People who really fix things are rare. Whether it's a broken machine or a broken company, it takes a combination of skills and qualities to fix it right.
I've been learning about organizations (and more specifically, the people who comprise them) as I've been tasked with leadership roles in various systems in recent years, both in my primary role on a school faculty, and in my own businesses. I've come to appreciate just how truly hard it is to solve serious problems in an effective, sustainable way—and I've come to appreciate even more so the small subset of people who do this well and, more to the point, consistently well.
Most of us are good at seeing a serious problem—but only insofar as it is affecting us. Thing is, our limited view tends to skew the scope and nature of the issue. I might assume, for example, that it's affecting others the same way it's affecting me, when, in fact, it isn't. This could make it seem like a systemic problem when it's not. By contrast, I might under appreciate the scope of the issue if it happens to have minimal impact upon me.
Nonetheless, most of us, most of the time, are fairly good at at least noticing a problem, if only because it causes some form of pain, discomfort, or difficulty. But most of us, most of the time, don't have the time, the resources, or—let's face it—the inclination to do the hard work of correctly identifying the real scope of the matter. We probably don't have adequate data to support our own interpretation, and we probably won't get it—either because we can't do so practically, or because we aren't willing to do what it would take to get it. (And, notably, this requires acknowledging that our interpretation might be wrong. A lot of people can't or won't do this—so that's where they stop.) The real leaders have the listening skills and patience it takes to figure this out.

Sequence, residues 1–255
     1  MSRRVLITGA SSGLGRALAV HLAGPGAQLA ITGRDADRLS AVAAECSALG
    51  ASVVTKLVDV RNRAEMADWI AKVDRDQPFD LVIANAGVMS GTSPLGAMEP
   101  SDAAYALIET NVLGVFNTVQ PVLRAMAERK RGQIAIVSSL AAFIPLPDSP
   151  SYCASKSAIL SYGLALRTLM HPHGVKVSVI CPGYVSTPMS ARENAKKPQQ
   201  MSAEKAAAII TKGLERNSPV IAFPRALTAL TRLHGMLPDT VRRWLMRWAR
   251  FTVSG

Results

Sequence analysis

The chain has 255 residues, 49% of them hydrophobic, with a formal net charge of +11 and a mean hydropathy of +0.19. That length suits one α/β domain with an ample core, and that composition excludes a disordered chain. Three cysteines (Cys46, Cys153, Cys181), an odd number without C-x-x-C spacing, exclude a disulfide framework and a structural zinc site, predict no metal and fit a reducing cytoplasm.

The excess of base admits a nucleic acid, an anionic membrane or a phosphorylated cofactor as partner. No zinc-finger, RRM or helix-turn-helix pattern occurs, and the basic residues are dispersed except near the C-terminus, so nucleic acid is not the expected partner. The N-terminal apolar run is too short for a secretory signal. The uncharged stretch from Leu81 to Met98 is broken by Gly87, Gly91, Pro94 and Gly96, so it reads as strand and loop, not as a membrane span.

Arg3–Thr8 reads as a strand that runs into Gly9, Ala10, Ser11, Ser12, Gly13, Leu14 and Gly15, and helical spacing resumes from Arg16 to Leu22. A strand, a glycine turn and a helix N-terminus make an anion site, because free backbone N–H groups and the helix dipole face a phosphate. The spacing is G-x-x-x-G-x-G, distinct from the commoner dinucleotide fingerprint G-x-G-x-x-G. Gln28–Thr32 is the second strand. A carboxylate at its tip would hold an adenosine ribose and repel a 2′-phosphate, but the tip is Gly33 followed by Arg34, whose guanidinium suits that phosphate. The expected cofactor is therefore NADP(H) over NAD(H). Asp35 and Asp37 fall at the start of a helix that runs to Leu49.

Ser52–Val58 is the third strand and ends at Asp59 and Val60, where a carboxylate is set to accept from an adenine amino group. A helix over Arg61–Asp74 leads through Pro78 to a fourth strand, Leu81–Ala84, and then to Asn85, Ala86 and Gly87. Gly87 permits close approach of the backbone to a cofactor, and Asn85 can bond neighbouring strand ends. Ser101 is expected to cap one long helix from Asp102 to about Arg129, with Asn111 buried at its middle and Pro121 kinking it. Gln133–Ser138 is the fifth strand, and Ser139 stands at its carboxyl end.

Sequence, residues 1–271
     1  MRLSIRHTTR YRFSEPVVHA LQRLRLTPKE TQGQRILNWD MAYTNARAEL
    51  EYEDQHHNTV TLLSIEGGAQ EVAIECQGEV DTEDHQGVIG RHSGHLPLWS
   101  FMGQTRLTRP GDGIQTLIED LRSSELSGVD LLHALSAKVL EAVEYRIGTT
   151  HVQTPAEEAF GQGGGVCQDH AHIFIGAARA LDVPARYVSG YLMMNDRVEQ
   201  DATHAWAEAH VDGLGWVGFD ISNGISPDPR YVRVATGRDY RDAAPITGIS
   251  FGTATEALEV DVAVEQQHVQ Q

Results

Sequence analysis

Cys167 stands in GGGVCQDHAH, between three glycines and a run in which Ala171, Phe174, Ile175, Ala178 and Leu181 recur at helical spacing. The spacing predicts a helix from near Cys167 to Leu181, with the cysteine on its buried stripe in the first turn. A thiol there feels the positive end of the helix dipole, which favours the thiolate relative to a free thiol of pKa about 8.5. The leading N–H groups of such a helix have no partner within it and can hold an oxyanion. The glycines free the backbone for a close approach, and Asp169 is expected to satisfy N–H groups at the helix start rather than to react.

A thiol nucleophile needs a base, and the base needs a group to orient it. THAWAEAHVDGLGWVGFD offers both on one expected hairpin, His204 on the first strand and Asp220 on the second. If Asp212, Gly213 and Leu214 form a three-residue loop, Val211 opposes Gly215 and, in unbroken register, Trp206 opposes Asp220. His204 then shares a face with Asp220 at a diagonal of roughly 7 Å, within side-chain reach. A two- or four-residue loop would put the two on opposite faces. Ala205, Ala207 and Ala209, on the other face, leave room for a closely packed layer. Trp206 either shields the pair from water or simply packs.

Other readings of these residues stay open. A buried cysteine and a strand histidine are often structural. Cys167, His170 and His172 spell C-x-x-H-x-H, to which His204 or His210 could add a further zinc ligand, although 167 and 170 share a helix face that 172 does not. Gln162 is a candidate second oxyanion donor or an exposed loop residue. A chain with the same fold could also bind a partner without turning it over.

But even assuming we've correctly and objectively identified the scope of a problem, the tougher thing to accomplish is a reasonably correct determination of the causes. One of the reasons this is hard is because of the first point I made, above. We have a tendency to attribute a problem to the cause most evident to us in our narrow, immediate experience of it. Of course, it's not always (or even usually) the case that there's only a single cause of a problem. We quickly develop cognitive biases, though—and why wouldn't we, after all? Again, it takes a conscious effort (and imagination) to acknowledge that there are probably causes beyond the one most immediately apparent to me. That also takes both humility and patience, and that's in short supply for most of us, most of the time. The leaders have to be agile communicators, because they have to work with other people to understand the full narrative. They know they can't do this alone.
And then there's the real kicker. Even if we've accomplished the elusive goal of sufficiently correctly identifying a problem and sufficiently correctly identifying its causes, we have to determine how to act. And that's really hard—if only because we can only act on one thing at a time, so we have to prioritize. I think this is where the genuine leaders emerge from the pack. They've had the humility and patience to achieve a sufficiently accurate understanding of a problem, including its scope and most influential causes. Then they can appropriately prioritize that problem amidst all the others. And then, beyond that, they have the intelligence, creativity, and tenacity to develop and implement a real, practical, affordable solution with a reasonable chance of being effective, sustainably. Beyond this, of course, they are also able to work with other people as part of a team, whether large or small, and maximize the potential of each member.
Of course, they also have to have the chops to understand that they might have been wrong all along, and, if so, the courage to admit it and start over—and bring the team along, too. That's an impressive combination of qualities to exercise together. I think it's really hard to pull off, so I'm increasingly amazed by people at the highest levels of organizational leadership who do. I think the people who do this well are rare, and worth paying attention to—whether or not we agree with them, or even like them.